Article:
Before the parade, I did ask if I could throw candy. I was told it was a liability. That’s understandable, no one wants me winding up and delivering a tootsie roll fastball at their teeth. So remember this: I did not have candy with me! (Side note: When exactly was candy throwing outlawed? And how did it start? Can Morgan Spurlock do a documentary on this?)
At one point in the parade, a lady came up to me — her eyes filled with hope — and asked me for some of that sweet, sweet candy. Again, I had zero sweets on me. I was sitting on a cooler of bottled waters, but that was it.
“Candy,” she again begged; a hint of Oliver Twist in her voice.
While I could have maniacally laughed at her, or chomped on my own candy like a villain, or hurled a water bottle in her direction, I chose not to. (Note: Though, I didn’t remember at the time, I did have one magical sugary, lemon wedge in my shirt pocket. It was delightful.)
Instead I shrugged and waved. Her smile drooped. She turned away dejected, and muttered, loudly: “loser.”
By her reaction you would think I answered her by waving an edible middle finger made of a Twix bar and a candy apple in her face.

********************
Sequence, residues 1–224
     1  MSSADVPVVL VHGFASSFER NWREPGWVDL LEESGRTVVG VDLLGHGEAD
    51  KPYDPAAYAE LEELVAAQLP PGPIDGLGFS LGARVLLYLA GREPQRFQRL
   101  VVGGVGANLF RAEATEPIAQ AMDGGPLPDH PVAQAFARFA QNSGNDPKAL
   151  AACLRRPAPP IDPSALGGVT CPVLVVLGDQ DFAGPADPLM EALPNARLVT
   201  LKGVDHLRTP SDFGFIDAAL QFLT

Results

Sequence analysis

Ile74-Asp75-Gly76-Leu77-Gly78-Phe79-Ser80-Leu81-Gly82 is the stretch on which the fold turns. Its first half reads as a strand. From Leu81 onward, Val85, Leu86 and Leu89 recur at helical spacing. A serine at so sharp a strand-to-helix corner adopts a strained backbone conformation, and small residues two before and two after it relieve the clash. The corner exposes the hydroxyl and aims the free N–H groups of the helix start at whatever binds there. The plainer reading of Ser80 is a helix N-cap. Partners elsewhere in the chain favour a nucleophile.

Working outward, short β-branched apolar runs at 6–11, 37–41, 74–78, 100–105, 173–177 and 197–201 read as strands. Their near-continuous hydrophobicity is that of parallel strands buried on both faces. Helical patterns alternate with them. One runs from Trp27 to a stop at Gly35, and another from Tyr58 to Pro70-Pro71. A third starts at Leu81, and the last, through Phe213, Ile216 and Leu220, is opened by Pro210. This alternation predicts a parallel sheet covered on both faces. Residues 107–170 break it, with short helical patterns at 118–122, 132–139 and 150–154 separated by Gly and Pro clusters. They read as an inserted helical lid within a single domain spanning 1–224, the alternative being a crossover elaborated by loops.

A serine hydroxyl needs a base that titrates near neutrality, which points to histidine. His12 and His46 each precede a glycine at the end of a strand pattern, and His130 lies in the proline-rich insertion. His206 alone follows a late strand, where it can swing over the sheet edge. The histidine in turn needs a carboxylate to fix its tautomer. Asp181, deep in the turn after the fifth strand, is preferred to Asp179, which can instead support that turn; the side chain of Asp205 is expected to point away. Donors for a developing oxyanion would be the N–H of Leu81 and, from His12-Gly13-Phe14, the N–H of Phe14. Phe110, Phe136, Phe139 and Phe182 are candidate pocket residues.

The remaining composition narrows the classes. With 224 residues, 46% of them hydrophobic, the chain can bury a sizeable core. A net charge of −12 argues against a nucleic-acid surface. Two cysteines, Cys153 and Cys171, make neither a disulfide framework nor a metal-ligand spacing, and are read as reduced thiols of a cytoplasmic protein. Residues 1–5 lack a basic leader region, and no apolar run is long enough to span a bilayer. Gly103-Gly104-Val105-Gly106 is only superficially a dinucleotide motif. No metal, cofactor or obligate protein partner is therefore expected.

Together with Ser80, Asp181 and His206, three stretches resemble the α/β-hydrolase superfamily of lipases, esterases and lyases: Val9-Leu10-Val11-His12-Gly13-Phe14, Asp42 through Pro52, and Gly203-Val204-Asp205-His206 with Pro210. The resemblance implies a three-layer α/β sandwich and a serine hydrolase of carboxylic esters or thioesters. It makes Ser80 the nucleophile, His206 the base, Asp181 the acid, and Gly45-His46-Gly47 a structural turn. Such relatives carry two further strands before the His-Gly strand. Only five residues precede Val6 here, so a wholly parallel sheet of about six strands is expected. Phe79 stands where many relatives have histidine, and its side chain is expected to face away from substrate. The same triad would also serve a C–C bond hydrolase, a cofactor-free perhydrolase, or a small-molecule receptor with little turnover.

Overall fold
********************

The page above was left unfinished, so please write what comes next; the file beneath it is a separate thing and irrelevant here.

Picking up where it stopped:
I didn’t see any children with her, so her disappointment was quite vexing. I could see being bummed out if you couldn’t give your child a sweet tart, or roll of tootsie, but this was not the case. I guess she is just REALLY a fan of inexpensive candy being tossed onto dirty pavement. I imagine she thinks that anyone who stands in the way of her obtaining ground candy is a vile fiend who probably enjoys vegetables more than Laffy Taffy.
Anyway, I hope she eventually got her candy. (Just kidding, I hope she just got empty wrappers.)
Earl: The man
Clearly, I wasn’t real popular. (Another person shouted at me: “You’re IN A PARADE. Put the camera down.”).
Earl, on the other hand, was the toast of the parade. I can see why too, because he’s awesome.
From the beginning to the end, people shouted “Hey Earl!” or “How ya doing, Earl?!” Stuff like that. After we were done, he told me his arm was tired from all the waving. It was this point where I realized I probably should have waved more. A rookie parade mistake, I’m sure (then again, I was there to work, not wave).
He also had a giant sign that said his name, which definitely boosted popularity. Signs with the names of two other former mayors — Pat Boland and Dick McGavern, both with tenures in the 1980s — were next to my feet. I can tell this confused some people, when they saw “Richard McGavern, Mayor 1985-1986,” and then saw me sitting there.